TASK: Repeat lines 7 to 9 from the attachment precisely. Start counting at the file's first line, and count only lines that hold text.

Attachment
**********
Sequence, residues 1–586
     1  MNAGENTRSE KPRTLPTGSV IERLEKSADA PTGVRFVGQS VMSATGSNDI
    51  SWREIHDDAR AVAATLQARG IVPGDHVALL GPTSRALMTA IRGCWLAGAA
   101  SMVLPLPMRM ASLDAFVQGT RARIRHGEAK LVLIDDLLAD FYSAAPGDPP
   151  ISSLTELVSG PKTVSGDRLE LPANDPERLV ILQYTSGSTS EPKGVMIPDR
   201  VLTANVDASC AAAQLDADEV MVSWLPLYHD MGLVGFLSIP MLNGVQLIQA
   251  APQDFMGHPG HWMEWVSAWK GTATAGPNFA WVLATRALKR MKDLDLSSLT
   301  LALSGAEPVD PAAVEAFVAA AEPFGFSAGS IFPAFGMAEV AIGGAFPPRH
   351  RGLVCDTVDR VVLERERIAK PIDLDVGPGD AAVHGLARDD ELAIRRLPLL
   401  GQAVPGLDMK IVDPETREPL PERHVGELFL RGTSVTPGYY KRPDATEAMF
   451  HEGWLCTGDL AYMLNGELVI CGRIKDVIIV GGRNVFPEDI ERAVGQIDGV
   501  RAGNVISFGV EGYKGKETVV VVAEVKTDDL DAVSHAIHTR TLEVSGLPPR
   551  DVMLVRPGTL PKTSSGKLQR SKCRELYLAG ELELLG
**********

   251  APQDFMGHPG HWMEWVSAWK GTATAGPNFA WVLATRALKR MKDLDLSSLT
   301  LALSGAEPVD PAAVEAFVAA AEPFGFSAGS IFPAFGMAEV AIGGAFPPRH
   351  RGLVCDTVDR VVLERERIAK PIDLDVGPGD AAVHGLARDD ELAIRRLPLL